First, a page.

One of the most impassioned leadership speakers of our times is Steve Jobs. A pioneer in the development of the personal computer, Jobs is a highly vocal advocate for the integration of technology into one's lifestyle. An accomplished speaker, Jobs knows how to involve the audience, how to tell a story, how to use language to draw mental pictures, and, most convincingly, how to use his passion to persuade others of the inevitability of his cause.
Jobs mixes the language of technology with a gee-whiz fascination with the possibilities of what digitally based personalized technologies can deliver. His experience in Hollywood as a founder of Pixar, an animation house, coupled with his iconic stature as the co-founder of Apple Computer, lends Jobs a stature that few in his industry can match. Another secret to Jobs's ability to sell his message is his willingness to intertwine his personal destiny with that of Apple. Thus, his message becomes larger than life and has more of an opportunity of being heard, not simply by dedicated users of Apple computers, but also by the mainstream media.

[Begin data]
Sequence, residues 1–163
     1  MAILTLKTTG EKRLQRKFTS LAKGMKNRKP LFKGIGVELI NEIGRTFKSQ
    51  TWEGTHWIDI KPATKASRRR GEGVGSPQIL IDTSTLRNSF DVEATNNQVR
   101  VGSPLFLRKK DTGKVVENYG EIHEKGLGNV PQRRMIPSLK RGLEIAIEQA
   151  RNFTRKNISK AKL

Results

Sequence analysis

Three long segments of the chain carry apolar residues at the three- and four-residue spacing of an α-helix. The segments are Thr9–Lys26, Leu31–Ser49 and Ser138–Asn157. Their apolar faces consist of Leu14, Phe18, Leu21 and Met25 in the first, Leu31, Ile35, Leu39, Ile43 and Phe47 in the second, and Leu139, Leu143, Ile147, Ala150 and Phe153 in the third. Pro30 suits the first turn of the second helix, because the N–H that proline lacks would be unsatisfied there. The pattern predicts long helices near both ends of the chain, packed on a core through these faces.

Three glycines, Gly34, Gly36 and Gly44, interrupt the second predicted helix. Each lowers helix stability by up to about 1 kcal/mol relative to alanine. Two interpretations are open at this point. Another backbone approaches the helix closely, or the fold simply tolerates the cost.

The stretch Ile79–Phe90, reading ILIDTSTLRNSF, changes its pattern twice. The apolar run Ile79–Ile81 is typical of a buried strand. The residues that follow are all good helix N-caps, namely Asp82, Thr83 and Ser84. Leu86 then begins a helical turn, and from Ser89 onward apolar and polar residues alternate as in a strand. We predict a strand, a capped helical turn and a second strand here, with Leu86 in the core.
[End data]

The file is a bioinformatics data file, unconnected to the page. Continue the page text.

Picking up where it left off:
In our context, the visionary has a passion that supercedes spoken words. The message itself is always in what the speaker says—as it is with the expert—but what gives it power is the leader's conviction concerning the cause. The visionary as a leader-presenter is consumed with passion. He or she believes in the cause and wants others to embrace it.